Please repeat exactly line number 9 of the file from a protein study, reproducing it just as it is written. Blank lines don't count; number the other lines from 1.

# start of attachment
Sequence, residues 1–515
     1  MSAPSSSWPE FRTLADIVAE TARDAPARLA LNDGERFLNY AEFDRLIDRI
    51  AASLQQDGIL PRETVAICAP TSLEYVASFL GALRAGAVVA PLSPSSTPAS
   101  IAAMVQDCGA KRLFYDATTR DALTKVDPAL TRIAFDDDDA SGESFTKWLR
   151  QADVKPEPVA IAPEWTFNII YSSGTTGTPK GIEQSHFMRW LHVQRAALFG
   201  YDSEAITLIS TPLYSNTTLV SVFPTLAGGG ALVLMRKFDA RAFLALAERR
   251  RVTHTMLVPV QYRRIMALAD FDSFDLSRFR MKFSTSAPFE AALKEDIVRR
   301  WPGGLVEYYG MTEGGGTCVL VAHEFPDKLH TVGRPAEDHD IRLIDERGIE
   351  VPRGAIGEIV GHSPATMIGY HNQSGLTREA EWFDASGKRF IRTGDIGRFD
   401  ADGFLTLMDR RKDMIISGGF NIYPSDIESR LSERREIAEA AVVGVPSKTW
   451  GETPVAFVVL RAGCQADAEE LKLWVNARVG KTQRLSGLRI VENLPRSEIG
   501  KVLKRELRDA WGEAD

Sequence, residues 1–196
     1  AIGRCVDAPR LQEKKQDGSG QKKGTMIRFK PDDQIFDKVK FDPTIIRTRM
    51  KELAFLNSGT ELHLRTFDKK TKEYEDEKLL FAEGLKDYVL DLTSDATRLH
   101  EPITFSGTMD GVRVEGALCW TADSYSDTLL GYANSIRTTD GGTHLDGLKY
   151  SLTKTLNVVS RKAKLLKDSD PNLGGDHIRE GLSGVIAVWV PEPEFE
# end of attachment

   351  VPRGAIGEIV GHSPATMIGY HNQSGLTREA EWFDASGKRF IRTGDIGRFD